Foraging in the garden

Whilst I’m not well-adapted to very hot weather, I do like this time of year for the opportunities it provides to pick my own food from the garden – fruit herbs and vegetables. I’m very fond of soft fruit, and it has been extremely satisfying in recent weeks to wander outside and pick berries for my breakfast. Eighteen months ago I planted new raspberry canes and this is the first time they have produced any quantity of fruit. This morning, in addition, I was able to harvest blueberries – such a delight. On the berry front, the red currants are also producing like mad and the harvest has begun. In fact, I still have frozen red currants from last year, but I have decided to bottle those and most of this year’s crop, only freezing a small proportion to use in baking. Fortunately the weather has cooled somewhat and so bottling fruit is no longer out of the question.

The other big foraging opportunity at the moment is the courgettes and summer squashes. This year, I planted these in the raised bed that was built at the same time as the limery. In the past six years, we have filled this bed with all manner of material: cardboard, paper, grass clippings, spent compost from pots, soil washed off the field behind the garden, chippings from the willow hedge, a variety of home-made compost, as well as the layer of old teaching notes and handouts that formed the base of it. The curcurbit family love compost to grow in and so this year they are going mad (it took a while with the cold spring). The result is huge abundant leaves. Somewhere under the jungle there are courgettes and squashes to be had (not many yet, but they are growing), but they are difficult to find. I have the distinct feeling that a bit later in the summer I’m going to come across some enormous fruits that I had simply missed under all the foliage, but for now we are just enjoying the hunt.

Blooming food

Some time ago a friend accused me of not liking flowers because I mainly grow food plants. I was a bit surprised that he should think this, especially looking round my garden at the moment at the amazing range of blooms that are in evidence. If you are ever concerned that planting fruit, herbsĀ and vegetables will mean you can’t have a beautiful garden, think again…

And those are only a selection taken in about 10 minutes… there are also (or have been or will be) passion flowers, nasturtiums, pot marigolds, climbing French beans, potatoes, raspberries, comfrey, red currants, blueberries, squashes, mint, chokeberries and more. I don’t really select for the flowers, but if you do, you can ensure an amazing variety of colours and forms and still enjoy a delicious harvest.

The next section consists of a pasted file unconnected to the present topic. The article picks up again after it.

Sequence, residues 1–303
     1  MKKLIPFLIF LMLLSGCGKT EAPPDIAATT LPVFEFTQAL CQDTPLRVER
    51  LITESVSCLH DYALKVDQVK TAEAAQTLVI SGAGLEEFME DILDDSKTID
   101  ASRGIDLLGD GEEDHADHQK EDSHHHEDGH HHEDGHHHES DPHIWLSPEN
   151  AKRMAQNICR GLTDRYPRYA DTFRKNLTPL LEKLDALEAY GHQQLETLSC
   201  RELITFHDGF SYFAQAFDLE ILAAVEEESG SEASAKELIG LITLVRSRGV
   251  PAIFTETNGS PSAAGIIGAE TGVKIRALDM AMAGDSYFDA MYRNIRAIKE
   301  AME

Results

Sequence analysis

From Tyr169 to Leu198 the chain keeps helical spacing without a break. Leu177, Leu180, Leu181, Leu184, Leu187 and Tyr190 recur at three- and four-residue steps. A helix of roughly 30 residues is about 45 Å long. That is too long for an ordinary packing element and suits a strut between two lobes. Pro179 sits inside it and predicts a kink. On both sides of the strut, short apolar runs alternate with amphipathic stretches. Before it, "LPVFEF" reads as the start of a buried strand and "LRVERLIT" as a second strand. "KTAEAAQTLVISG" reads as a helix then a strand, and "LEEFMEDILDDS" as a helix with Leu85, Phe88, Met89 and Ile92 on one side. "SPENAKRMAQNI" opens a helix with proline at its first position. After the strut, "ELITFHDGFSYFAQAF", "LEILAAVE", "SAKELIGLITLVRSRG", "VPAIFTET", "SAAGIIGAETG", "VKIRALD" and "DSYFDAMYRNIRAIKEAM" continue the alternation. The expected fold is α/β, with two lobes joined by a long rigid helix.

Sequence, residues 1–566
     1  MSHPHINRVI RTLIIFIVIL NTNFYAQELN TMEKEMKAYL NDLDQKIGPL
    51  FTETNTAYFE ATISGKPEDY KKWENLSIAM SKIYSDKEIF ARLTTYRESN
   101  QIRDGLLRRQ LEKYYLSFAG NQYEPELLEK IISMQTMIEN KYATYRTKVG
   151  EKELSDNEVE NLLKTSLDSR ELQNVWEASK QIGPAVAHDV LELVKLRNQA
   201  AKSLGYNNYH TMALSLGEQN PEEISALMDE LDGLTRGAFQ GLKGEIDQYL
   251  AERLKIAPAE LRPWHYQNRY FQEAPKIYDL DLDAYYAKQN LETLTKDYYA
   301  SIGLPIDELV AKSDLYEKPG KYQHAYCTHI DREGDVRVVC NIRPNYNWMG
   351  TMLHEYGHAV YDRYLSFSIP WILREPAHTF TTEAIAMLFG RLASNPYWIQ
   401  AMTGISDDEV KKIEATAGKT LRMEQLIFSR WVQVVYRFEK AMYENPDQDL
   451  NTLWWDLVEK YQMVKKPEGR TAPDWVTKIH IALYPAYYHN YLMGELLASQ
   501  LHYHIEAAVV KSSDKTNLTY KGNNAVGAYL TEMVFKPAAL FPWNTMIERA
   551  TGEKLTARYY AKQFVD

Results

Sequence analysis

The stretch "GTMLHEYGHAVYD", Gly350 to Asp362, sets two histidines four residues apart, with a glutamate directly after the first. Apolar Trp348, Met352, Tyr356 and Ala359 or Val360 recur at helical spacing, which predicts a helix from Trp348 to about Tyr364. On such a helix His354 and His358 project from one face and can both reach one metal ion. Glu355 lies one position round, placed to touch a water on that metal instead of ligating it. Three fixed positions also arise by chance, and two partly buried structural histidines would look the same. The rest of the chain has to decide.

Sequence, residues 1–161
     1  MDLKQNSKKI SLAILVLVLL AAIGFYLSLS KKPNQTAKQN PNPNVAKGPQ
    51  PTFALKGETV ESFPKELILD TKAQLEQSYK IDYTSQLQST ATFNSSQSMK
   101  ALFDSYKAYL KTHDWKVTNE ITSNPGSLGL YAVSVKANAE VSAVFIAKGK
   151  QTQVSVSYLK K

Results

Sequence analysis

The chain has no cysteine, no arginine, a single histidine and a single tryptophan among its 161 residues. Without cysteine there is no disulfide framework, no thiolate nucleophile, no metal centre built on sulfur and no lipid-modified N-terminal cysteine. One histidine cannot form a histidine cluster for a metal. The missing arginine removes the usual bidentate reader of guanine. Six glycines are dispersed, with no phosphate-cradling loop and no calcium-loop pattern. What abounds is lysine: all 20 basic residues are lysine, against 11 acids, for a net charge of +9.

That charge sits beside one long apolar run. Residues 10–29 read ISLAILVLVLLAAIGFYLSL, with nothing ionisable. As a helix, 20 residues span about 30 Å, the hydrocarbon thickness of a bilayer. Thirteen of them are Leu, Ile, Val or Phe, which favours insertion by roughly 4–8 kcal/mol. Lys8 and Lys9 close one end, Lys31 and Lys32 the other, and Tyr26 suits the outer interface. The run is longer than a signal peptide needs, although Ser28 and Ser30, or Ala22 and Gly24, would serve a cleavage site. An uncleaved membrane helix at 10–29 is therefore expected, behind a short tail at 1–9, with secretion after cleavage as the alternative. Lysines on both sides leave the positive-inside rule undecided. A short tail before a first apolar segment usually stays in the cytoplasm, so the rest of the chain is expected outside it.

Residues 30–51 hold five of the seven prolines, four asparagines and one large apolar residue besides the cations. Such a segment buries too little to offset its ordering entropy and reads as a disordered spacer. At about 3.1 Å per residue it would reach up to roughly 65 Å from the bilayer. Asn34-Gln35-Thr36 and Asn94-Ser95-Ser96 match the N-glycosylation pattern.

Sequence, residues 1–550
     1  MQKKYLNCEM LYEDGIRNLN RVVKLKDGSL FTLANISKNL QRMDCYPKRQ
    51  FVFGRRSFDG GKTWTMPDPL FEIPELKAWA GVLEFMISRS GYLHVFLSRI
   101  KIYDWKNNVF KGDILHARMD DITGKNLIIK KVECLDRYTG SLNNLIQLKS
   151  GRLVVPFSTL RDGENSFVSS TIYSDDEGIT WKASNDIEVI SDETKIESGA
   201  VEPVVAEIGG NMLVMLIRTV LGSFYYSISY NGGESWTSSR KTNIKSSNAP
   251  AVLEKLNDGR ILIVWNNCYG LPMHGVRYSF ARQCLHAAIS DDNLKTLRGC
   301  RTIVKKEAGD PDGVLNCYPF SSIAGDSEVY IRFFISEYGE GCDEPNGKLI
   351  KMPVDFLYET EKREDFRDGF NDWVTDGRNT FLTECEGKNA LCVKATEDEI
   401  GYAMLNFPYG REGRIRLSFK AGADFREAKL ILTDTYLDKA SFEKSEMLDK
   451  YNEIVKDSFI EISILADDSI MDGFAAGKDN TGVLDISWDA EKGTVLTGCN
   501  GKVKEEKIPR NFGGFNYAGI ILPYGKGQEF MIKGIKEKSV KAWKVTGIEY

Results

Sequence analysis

Living in an orchard

My sister moved house earlier this year and has been working really hard in her garden, with me giving encouragement by telephone. It’s been lovely to have someone to share seeds and plants with, and it was particularly lovely to visit this week, deliver some plants and see the progress she has been making.

The house she moved into had a garden with quite a lot of lawn, a vegetable patch, a filthy chicken house, dilapidated greenhouse and a tatty plastic pond. In three months she has transformed it into an orchard with a productive vegetable garden (boosted by all that chicken poo she shovelled out of the coop) and herb beds. I am always inspired by other people’s achievements; I thought you might like to be inspired too and see what she has been up to.

There’s lots of fruit

As well as herbs and vegetables:

And there’s still room for ornamentals and the relocated pond:

Plus some practical features:

What a brilliantly productive garden it’s going to be… with hens and a fruit cage planned for the future too. She only started doing any serious gardening a few years ago, but there’s no stopping her now.

The right to garden

Do you think that we have a right to grow our own food? Well, apparently not all countries do…

I have just read two astonishing stories about Americans being prevented from growing herbs, vegetables and fruits in their front gardens: one in Ferguson Missouri and one in Tulsa Oklahoma. In a country where residents have a right to bear arms, they appear not to have a right to bear spades.

Suddenly the UK seems like a very liberal place to live.

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